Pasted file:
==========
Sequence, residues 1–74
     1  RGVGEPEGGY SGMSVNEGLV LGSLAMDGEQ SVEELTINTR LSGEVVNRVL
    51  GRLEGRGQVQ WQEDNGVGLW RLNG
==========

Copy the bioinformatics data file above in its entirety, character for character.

Sequence, residues 1–74
     1  RGVGEPEGGY SGMSVNEGLV LGSLAMDGEQ SVEELTINTR LSGEVVNRVL
    51  GRLEGRGQVQ WQEDNGVGLW RLNG